Categorized | Child Care

Safety of your baby – Prevention of cot death

SAFETY OF YOUR BABY - PREVENTION OF COT DEATH

SAFETY OF YOUR BABY – PREVENTION OF COT DEATH

What is Cot Death mean? (SIDS)

with a few simple steps you can help minimize the chances of your  baby  dying from Cot Death. Cot Death is the term used for Sudden Infant Death Syndrome (SIDS) which is defined as a sudden and unexplained death of an infant usually of less than one year old. All other possible causes of death are ruled out and the unexplained death is termed SIDS.  This can occur anywhere and not only in a cot.

No single cause has been indicated, though there are several suggestions to help prevention.

Which Babies are Most at Risk?

Cot death is not common in babies who are under one month old.  It is most common between one and two months. The risk reduces as the baby gets older, with 90 per cent of cot deaths happening in babies under six months.

There are other factors that you can’t change that put a baby at a higher risk of cot death. These include:

  •      your baby is a boy – cot death is slightly more common in boys: almost 60 per cent of cot deaths are in boys
  •      your baby born prematurely before 37 weeks)
  •      your babyborn at a low birth weight (less than 2.5kg/5lb 8oz)
  •      your baby one of set of twins or other multiple births

On Back to Sleep

Place baby on his/her back when laying down to sleep

NEVER place baby on his/her tummy

Comfortable Temperature

  • Avoid excess bedding
  • Keep room at reasonable temperature
  •  Keep baby’s head uncovered
  •   No pillows
  •   Make sure cot is not close to heaters or in direct sunlight
  •  Check babies tummy to gauge temperature.  Baby’s hands and feet will usually be cooler and don’t reflect true temperature of baby
  •   Keep baby at bottom of cot to avoid wriggling under covers

Bed Sharing

  •   Do not fall asleep with baby in your bed or on a chair
  • Make sure each baby has their own bed – no sharing!

Do not Smoking

  •   Cot death is more common in babies of mothers who smoked or who were exposed to smoke when pregnant and in babies who are exposed to smoke themselves.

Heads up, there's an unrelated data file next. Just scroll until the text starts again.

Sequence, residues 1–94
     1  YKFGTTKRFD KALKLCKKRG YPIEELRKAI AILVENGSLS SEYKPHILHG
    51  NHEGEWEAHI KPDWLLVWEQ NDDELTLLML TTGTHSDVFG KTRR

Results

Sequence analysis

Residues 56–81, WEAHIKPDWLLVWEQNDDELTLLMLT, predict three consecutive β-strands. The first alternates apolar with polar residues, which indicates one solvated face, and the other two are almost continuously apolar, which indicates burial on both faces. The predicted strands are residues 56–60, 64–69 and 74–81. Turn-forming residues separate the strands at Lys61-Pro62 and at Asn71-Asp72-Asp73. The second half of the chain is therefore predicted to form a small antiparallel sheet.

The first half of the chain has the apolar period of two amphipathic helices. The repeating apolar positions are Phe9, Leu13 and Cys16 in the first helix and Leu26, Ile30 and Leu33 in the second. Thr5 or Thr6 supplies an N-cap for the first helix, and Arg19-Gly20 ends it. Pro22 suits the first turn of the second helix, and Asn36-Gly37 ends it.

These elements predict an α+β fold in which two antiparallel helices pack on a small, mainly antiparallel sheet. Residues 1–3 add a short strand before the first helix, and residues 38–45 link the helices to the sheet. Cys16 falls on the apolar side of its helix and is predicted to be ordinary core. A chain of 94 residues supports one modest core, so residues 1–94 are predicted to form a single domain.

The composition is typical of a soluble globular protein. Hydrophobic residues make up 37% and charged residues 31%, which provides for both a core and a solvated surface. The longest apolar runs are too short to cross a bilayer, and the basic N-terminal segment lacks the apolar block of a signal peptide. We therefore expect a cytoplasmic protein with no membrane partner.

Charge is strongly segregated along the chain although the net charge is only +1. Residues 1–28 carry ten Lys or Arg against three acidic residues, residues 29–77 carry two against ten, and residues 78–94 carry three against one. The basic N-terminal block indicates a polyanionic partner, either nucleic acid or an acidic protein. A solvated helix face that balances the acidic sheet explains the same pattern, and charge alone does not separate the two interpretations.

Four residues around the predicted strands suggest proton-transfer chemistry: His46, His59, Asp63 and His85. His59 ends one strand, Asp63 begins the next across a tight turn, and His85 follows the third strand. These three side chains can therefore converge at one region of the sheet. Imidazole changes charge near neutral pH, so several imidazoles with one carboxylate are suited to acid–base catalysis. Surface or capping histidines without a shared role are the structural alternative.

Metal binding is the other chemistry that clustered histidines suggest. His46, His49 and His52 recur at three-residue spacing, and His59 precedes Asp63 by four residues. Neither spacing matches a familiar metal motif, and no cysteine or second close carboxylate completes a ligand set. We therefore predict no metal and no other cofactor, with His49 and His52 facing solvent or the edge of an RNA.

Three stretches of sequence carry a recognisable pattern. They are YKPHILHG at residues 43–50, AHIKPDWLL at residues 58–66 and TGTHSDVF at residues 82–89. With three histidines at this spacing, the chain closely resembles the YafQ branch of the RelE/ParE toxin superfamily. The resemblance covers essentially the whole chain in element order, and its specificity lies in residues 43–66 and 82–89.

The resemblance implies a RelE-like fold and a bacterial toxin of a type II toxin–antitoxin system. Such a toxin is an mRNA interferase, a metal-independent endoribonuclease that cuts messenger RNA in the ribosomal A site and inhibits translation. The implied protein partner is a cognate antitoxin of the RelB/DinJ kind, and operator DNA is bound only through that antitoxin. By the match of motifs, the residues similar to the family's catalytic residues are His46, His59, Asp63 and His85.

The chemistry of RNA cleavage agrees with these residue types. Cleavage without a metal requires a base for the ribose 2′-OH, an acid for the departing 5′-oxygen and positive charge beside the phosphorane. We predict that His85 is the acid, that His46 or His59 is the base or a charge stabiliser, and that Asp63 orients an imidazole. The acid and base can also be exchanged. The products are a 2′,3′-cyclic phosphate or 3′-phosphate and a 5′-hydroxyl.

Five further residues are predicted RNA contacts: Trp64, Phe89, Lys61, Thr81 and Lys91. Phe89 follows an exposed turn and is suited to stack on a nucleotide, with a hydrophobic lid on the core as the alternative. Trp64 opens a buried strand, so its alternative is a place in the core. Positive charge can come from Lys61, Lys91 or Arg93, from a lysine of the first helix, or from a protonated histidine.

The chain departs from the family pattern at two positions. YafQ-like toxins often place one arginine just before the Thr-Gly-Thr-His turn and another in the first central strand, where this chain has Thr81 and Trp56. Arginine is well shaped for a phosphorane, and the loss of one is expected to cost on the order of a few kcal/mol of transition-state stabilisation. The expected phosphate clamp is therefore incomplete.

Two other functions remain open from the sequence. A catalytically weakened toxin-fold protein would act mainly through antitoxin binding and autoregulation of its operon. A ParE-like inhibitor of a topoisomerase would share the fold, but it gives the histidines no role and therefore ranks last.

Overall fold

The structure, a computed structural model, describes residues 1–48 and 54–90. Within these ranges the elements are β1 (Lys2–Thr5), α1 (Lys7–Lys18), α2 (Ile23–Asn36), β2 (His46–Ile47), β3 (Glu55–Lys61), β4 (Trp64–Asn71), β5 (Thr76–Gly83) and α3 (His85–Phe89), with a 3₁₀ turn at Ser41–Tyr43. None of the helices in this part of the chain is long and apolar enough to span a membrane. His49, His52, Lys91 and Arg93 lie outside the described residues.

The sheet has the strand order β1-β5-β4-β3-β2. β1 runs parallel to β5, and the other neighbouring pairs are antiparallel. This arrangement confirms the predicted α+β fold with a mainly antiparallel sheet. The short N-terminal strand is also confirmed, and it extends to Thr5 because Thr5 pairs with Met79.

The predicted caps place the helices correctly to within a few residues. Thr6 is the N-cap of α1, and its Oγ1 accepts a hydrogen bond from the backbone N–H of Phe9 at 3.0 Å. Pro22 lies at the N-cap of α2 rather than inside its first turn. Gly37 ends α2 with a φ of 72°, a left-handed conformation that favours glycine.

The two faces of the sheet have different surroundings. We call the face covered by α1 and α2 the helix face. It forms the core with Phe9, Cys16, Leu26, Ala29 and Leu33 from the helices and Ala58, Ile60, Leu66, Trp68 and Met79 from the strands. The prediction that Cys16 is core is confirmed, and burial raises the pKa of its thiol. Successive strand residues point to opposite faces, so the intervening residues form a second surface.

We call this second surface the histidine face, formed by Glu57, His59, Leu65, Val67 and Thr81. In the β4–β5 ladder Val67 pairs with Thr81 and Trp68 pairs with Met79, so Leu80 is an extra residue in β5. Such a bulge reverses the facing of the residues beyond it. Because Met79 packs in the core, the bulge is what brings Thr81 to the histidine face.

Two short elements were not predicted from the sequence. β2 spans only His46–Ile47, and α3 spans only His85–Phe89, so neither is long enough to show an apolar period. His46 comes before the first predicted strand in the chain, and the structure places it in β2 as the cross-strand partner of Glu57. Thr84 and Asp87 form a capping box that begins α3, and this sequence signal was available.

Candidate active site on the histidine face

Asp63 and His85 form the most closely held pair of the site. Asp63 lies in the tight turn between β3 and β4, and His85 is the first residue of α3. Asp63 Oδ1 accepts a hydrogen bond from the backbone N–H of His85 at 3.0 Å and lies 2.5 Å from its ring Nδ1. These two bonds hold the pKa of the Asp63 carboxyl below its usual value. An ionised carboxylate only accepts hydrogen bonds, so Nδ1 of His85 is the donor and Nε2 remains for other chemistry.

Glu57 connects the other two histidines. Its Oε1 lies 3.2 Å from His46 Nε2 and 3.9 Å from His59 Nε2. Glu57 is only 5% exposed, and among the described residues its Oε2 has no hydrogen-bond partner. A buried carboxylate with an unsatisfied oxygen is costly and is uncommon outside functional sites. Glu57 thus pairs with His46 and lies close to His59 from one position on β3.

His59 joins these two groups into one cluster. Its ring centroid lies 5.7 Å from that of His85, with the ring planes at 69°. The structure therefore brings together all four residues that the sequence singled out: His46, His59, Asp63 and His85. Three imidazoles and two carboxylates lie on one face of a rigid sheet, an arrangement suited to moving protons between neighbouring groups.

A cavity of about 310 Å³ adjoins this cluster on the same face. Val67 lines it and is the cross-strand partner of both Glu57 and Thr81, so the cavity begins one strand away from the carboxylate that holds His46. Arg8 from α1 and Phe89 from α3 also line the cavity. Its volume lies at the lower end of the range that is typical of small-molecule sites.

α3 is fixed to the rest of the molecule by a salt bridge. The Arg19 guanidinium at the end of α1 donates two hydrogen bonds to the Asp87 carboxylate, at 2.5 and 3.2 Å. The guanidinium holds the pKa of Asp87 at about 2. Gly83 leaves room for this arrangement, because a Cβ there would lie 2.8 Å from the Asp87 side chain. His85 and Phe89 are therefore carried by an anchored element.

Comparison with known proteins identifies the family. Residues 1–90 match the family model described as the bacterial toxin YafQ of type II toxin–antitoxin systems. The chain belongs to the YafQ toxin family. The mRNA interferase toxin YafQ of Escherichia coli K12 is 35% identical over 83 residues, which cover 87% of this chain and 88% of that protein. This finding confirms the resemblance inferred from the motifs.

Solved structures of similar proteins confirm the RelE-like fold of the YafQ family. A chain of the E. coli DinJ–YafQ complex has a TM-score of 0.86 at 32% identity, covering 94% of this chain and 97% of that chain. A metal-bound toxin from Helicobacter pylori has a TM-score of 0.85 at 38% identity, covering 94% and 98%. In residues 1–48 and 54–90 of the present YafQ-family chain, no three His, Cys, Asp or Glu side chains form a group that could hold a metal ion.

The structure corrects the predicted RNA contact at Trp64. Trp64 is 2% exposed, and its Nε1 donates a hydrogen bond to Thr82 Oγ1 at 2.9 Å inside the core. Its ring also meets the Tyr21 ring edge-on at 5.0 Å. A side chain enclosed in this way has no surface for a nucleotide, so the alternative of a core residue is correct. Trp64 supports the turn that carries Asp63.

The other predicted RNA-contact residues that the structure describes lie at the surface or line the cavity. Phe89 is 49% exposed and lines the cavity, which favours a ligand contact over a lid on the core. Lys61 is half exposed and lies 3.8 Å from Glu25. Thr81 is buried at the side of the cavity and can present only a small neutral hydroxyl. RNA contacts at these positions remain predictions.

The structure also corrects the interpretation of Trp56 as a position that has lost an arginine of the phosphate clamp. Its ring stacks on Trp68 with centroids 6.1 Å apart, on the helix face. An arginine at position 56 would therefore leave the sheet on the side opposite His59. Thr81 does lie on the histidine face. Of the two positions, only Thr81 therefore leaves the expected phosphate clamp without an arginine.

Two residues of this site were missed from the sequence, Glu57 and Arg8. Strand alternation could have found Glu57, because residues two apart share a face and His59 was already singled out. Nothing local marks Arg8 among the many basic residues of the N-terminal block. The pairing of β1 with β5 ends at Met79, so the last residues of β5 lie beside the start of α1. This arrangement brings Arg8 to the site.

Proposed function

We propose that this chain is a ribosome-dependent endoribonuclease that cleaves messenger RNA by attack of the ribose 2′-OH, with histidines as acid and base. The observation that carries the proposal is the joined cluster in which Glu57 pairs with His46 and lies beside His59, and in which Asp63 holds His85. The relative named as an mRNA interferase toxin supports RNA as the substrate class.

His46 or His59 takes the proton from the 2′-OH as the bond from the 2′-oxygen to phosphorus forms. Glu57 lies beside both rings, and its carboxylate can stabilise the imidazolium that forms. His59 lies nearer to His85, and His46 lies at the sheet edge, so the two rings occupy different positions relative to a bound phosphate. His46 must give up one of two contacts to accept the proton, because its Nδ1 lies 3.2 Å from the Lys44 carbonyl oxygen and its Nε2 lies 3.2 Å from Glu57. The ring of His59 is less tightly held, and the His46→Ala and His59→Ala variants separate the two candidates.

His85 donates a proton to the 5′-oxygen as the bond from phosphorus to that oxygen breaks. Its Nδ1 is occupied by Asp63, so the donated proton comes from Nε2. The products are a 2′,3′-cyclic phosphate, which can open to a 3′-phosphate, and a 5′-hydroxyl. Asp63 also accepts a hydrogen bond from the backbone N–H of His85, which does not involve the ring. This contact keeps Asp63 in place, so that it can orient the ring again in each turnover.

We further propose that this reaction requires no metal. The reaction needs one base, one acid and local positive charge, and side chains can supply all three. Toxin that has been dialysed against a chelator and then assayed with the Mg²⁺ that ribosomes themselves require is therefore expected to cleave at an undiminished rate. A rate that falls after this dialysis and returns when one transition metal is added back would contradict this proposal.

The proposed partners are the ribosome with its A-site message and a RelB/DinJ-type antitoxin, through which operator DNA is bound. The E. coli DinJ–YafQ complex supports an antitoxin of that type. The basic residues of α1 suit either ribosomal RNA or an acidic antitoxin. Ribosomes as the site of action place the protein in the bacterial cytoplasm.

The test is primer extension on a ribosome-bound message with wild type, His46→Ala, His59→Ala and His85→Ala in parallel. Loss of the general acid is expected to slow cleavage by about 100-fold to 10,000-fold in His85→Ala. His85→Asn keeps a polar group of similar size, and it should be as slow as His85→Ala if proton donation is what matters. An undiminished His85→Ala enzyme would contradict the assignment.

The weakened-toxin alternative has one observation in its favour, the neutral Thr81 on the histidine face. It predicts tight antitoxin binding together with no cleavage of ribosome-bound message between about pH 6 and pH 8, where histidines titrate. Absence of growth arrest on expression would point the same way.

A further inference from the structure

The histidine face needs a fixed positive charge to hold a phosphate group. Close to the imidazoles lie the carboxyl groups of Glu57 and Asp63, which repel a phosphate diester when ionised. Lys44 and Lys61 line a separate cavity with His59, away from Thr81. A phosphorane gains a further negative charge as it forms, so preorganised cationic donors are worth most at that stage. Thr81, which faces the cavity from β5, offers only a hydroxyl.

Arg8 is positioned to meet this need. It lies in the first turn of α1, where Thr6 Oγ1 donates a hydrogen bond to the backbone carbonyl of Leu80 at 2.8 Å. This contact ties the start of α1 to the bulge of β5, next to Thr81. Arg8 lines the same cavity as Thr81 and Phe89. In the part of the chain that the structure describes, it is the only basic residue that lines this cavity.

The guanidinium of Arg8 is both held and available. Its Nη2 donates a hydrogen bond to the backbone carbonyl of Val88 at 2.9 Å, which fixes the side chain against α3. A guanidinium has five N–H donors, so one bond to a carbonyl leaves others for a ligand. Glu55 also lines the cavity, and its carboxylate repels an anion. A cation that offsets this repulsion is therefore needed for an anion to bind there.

Using a Dummy

  •   Some studies have shown that giving a baby dummy when she goes to sleep, even for a nap can reduce the risk of cot death.
  •  Don’t worry if the dummy falls out while the baby is asleep.  You shouldn’t force the baby to take a dummy if he/she doesn’t want one.
  •  Always remember to sterilise the dummy daily.

Soft Toys

  •  Avoid crowding the cot with soft toys.

The baby Cot

  •   The cot should always have a clean and firm mattress.
  •  There should be a safe gap between the wooden partitions.
  •  There should be no toys with small parts or hanging mobiles which are unsafe to the baby which he/she could get hold of.

Signs and symptoms of Illness

Most cot deaths occur ‘out from the blue’ once the child is asleep. You will find usually no signs and symptoms to alert parents or carers that anything is wrong. However, sometimes a disease isn’t recognised and rapidly will get worse. Visit a physician in case your baby seems unwell. Make use of your instincts – you realize best if something is wrong. This list is another help guide to the primary signs and symptoms to look for.

Vomiting, especially bile (eco-friendly) vomit

Takes less liquids (milk feed) and/or makes less urine than normal

High pitched or unusual cry

Sleepiness, floppiness or fewer responsive than normal

Wheezy, grunting, fast or difficult breathing

High fever or sweating a great deal

Looks pale or blue

Bloodstream within the diapers

Rash

 

Call  doctor to check if you think baby might be unwell

 

 

 

 

 

 

 

 

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